By Tess Gilfedder and produced for online by Kristy McMahon
A new survey by consumer research body Canastar Blue has found quitting caffeine is particularly hard for the Generation Y age group.
The online survey of 650 people, in particular young people, found they struggled with withdrawal symptoms when trying to reduce their caffeine intake.
Australian Medical Association federal president Dr Steve Hambleton says caffeine addiction is a serious problem.
“If you are getting that morning ‘I just can’t start the day without a coffee’ feeling you may well be dependent on caffeine in your system to function,” he says.
Dr Hambleton says Australians consume too much caffeine in our day-to-day lives and quitting is particularly difficult.
“Caffeine is a stimulant so you get the opposite effects when you get the withdrawals and certainly withdrawal headaches are one of the primary ones,” he says.
“Fatigue is another symptom which we see quite frequently, so people take the caffeine and of course it stimulates them again and it starts the cycle all over again.”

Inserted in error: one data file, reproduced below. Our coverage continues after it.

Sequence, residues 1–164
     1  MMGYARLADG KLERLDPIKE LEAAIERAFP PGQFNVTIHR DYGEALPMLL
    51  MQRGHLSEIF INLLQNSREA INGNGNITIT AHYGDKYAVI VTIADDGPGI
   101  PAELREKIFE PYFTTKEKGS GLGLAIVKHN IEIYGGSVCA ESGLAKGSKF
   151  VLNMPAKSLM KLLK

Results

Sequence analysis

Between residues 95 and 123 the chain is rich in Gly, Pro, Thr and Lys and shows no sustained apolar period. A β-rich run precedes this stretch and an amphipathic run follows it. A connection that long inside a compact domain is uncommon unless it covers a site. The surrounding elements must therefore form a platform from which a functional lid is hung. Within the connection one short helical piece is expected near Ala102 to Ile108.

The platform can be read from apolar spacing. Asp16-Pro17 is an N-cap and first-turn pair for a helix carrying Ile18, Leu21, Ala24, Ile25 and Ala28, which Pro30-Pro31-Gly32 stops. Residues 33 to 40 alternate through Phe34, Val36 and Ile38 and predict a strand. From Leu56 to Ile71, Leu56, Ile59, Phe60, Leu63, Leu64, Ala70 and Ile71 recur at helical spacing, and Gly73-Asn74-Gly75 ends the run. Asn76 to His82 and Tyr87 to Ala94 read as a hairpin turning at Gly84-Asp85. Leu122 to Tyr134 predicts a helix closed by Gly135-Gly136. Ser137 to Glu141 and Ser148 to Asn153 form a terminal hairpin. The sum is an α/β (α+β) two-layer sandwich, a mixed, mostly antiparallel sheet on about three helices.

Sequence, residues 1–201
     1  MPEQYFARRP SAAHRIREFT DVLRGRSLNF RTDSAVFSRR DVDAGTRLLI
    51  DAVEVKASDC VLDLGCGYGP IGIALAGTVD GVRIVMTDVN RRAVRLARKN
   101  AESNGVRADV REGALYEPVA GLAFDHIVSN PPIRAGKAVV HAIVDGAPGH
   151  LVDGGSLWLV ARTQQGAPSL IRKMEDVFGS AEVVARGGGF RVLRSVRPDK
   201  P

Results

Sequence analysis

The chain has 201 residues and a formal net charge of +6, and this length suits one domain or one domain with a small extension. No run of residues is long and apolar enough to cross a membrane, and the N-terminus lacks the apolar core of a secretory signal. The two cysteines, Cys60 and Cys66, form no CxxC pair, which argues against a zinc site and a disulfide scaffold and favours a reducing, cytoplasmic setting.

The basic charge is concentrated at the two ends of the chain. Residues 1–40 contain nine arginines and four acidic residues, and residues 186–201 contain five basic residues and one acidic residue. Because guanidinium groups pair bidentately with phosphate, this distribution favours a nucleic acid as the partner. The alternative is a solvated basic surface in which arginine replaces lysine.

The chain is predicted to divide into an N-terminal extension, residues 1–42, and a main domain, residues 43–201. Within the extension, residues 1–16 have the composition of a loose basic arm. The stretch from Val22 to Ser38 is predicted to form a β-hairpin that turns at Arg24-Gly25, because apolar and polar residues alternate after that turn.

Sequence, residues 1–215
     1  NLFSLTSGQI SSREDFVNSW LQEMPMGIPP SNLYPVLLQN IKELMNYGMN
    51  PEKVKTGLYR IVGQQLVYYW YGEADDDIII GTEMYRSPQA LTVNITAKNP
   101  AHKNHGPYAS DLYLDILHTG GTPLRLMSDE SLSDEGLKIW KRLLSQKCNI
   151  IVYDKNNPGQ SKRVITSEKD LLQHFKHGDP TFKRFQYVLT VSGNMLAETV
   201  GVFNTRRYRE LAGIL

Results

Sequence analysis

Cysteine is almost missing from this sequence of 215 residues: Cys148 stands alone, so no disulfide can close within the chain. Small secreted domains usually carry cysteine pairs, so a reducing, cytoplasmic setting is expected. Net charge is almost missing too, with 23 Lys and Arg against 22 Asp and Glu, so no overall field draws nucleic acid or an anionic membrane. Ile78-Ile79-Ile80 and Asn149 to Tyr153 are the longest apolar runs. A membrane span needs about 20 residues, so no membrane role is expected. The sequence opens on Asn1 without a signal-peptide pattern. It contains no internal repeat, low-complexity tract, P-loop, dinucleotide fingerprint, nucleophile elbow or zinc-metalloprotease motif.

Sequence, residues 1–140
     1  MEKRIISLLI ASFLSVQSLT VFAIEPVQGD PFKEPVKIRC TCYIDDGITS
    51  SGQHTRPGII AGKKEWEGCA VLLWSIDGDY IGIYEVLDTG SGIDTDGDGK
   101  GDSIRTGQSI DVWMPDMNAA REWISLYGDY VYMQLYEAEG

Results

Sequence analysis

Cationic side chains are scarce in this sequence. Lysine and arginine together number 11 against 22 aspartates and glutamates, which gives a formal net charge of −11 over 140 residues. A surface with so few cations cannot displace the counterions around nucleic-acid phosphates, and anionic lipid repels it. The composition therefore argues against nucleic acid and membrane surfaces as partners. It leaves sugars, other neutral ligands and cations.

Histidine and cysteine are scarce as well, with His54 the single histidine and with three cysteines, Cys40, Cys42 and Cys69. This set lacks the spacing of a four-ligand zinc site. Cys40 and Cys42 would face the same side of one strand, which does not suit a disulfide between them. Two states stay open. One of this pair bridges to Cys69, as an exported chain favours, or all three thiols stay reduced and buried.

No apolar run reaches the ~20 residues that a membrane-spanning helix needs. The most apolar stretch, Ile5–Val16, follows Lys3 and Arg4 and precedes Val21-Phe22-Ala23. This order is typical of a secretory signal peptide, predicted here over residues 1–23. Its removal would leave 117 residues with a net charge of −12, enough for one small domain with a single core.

Professor Steve Allsop, director of Curtin University’s National Drug Research Institute, says two or three cups of coffee a day is more than enough.
“Once you begin to drink more than that the risk of dependence and the risk of some adverse consequences increase,” he says.
He says in addition to headaches and fatigue, there are other health problems.
“Long term risks are impacts on your cardiovascular system so in particular increased blood pressure,” he says.
“There is the risk of kidney damage and of course a lot of people do suffer the ill-effect of sleep disorders that principally are affected by the amount of caffeine that they take.”